As for complaints against therapists, I am NOT going to specifically address this as it applies to Hassan but I will point out a well known fact that applies to board complaints in general against mental health professionals and that is, that it is very hard to make complaints stick. I know of cases where therapists have lost their licenses only after more than a decade of complaints that the board did not make public until the very end after the therapist had spent over a decade harming others. Therefore, just because a person’s record looks clean and says “no complaints” doesn’t mean that no complaints were ever filed against the person (there may or may not be), nor that there was not valid cause, only that state boards move very slowly. Again, this is based on a number of state board cases I know about where it took literally decades to get a therapist disciplined. It’s a very sad state of affairs but one that therapy consumers need to be aware of.

      • Linda Method permalink

        Monica, all I am ‘determined’ to do is question YOU, and offer an opinion that is vastly different from yours. You should be able to stand up to the same questioning and scrutiny that you focus on Mr. Hassan without turning on the person asking the questions and calling them ‘ignorant.’ You are behaving just the same way you accuse Steve Hassan of doing — you can’t tolerate a dissenting opinion. Interesting how you qualify and rationalize your own form of ‘information control’….like it doesn’t apply to you.

        How have I ‘attacked’ you other than disagreeing? Seriously, you should look at that.

        You’re right, I don’t know what you know. Steve Hassan I know and have associated with…you, I don’t know and haven’t associated with. You obviously don’t know me either, else you would understand that I don’t “fall all over myself to apologize” to someone if they show me where I’m wrong. I don’t bow and scrape before anyone. Not even your enemy Mr. Hassan who you are ‘determined’ to consider my ‘guru.’

        If you have a lot of ‘dirt’ about Mr. Hassan then you should be able to effectively do something about it, like get some advocacy in your corner, someone who can help you do whatever it takes to stop the offense you feel that he is committing. If he is in fact as terrible as you think he is, there must be some evidence of it, something concrete you can build a case on. If there isn’t, then you can just keep blogging about it and hope you hit pay dirt some day.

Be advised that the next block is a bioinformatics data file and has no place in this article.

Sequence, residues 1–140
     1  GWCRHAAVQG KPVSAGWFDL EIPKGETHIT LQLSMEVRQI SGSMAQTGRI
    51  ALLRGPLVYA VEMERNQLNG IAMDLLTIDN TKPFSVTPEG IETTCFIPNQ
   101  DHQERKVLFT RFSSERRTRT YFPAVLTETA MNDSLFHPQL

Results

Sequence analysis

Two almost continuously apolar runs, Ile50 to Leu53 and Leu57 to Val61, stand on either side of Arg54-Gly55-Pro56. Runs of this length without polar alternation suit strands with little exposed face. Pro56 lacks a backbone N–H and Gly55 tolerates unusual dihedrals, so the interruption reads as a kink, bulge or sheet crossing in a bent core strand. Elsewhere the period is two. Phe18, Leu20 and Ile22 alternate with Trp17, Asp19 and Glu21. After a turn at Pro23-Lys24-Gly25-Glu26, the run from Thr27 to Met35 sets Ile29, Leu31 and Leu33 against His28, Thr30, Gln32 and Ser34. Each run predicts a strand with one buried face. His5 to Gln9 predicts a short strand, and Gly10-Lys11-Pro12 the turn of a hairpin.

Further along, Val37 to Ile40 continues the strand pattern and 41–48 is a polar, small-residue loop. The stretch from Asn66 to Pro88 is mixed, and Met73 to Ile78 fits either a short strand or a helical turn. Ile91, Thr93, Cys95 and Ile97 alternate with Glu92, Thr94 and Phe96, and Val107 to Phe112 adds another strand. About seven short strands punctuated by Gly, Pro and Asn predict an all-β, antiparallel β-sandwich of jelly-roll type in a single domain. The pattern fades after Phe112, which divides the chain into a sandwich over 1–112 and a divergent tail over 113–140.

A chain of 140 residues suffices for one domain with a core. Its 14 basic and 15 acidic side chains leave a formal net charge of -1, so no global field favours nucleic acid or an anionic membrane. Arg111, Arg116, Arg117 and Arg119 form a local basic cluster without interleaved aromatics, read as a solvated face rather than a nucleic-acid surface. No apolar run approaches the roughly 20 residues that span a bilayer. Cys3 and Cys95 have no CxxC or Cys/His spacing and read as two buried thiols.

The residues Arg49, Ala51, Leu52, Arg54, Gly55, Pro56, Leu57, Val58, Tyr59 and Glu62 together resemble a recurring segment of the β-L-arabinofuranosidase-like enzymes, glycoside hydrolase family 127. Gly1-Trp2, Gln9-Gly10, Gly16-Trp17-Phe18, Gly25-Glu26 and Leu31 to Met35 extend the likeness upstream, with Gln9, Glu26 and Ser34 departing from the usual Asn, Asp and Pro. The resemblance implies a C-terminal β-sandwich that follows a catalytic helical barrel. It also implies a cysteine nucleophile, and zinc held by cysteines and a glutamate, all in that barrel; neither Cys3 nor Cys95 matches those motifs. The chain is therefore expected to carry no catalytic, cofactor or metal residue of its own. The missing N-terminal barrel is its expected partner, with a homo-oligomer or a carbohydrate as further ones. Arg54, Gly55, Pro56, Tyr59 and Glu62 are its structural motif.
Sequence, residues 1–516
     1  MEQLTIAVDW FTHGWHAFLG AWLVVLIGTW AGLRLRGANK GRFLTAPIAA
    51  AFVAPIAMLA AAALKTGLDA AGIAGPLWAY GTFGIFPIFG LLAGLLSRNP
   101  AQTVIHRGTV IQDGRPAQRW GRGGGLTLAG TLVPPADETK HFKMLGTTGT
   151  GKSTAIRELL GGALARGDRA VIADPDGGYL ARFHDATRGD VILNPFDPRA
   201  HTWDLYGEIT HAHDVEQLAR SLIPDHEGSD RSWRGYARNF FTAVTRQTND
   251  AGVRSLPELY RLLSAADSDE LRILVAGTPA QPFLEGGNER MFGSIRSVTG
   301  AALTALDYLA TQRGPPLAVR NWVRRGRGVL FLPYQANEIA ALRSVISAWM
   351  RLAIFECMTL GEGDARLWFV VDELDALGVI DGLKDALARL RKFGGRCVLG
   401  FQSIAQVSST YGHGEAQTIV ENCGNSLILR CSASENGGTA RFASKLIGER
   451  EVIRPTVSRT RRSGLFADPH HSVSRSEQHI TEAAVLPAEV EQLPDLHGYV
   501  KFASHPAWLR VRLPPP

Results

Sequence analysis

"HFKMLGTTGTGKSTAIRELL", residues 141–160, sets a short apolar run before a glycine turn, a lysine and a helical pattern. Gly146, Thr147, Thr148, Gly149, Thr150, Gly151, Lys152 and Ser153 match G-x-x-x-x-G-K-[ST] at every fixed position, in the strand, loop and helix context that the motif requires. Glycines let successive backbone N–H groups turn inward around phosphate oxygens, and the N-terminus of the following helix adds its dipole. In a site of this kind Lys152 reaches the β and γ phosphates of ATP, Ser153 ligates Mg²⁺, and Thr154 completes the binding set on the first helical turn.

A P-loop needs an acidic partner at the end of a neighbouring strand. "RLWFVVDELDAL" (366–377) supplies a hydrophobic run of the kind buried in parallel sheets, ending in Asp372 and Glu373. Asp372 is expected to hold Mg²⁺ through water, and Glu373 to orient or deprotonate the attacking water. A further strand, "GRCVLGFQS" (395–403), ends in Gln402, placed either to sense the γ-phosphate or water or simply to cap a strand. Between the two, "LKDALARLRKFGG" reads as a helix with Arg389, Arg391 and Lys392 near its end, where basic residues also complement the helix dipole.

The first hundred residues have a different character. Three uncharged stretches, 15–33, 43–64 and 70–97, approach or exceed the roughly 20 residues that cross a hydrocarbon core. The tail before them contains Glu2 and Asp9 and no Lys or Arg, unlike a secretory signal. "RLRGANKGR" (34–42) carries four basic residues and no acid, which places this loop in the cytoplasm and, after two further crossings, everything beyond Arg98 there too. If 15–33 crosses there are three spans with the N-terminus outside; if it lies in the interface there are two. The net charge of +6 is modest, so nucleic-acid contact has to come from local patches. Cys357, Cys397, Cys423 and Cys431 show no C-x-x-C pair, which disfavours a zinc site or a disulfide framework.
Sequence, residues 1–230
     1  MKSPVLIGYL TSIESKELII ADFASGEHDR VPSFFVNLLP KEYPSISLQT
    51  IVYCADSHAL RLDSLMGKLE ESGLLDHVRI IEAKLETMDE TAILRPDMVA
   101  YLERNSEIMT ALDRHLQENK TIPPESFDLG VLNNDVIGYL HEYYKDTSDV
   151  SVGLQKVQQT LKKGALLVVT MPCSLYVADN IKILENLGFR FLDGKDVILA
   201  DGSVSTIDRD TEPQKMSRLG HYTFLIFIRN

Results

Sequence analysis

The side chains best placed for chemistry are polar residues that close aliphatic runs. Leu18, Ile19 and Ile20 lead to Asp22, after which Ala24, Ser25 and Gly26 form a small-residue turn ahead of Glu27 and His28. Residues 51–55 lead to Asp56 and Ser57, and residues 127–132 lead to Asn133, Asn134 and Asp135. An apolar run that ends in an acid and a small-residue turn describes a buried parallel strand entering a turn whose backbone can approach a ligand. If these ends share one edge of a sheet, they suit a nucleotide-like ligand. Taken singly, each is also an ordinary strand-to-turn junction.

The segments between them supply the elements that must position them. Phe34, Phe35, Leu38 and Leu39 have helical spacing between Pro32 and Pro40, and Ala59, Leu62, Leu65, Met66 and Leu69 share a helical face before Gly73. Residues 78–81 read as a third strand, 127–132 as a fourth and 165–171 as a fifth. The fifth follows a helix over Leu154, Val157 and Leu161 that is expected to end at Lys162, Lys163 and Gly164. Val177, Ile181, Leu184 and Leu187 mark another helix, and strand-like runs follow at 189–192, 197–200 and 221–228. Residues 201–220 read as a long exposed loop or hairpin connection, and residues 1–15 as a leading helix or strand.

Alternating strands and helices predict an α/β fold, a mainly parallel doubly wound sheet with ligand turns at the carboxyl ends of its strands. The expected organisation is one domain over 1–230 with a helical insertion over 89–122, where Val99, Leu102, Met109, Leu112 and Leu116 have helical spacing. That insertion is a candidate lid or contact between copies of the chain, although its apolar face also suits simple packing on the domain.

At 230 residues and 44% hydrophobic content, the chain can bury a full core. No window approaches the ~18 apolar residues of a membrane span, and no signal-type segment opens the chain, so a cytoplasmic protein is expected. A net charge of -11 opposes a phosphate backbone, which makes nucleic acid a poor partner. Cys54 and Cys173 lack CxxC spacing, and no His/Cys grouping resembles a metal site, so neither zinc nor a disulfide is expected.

You see, I have a nemesis, too, in the form of a cult leader. My stupid little YouTube channel actually gives people who have suffered from their experience with him a place to come to for help and information. I’m doing my part to inform the public about him, like you seem to be doing here. I’ve helped a number of people who have contacted me privately — and all without a ‘credentialed’ degree. I don’t know everything — I just know everything about this cult.

        There’s no malice from me to you, Monica. If you are doing something good here, then good will come your way. If Steve Hassan is doing something bad, then he’ll get his, too. We reap what we sow. Make sure you sow good things.

        Best wishes for success in what means the most to you.

        ~Linda~

  14. Linda, you attacked me, as I have repeatedly pointed out, by portraying me as angry and vindictive for pointing out Steve Hassan’s numerous attempts to censor people – not just on FB, but many other places on the internet now (see Rick Ross’ update on how Hassan tried to censor people in other places and failed). This is a pattern with him. You did far more than just offer a differing point of view and your comments make that obvious.

    And once again, all I can say is that you make unwarranted assumptions about what I am and am not doing in the form of advocacy, but I am optimistic that in time, the whole truth will come out. It is very naive to assume that mental health professionals who behave unethically and harm clients are quickly brought to justice. Just look at the “parts work” being done at Castlewood Treatment Center (see my earlier postings about the 4 lawsuits and they use the same unsupported “Internal Family Systems” parts work that Hassan does) and how they continue to practice with impunity after a court settlement that gagged the victims from speaking about it) for an example of how the system has repeatedly failed therapy consumers, and it is not uncommon that even people with very strong cases can be made to settle these cases if the financial resources of the defendants outlast the ones of the victims – see Scientology settlements where the victims were gag-ordered for example of that) but I will keep trying to get justice for victims of harmful therapy. If you only got started in 2008, you are relatively new to this scene and obviously have a great deal to learn about what is done to victims and how long it can take to get someone brought to justice.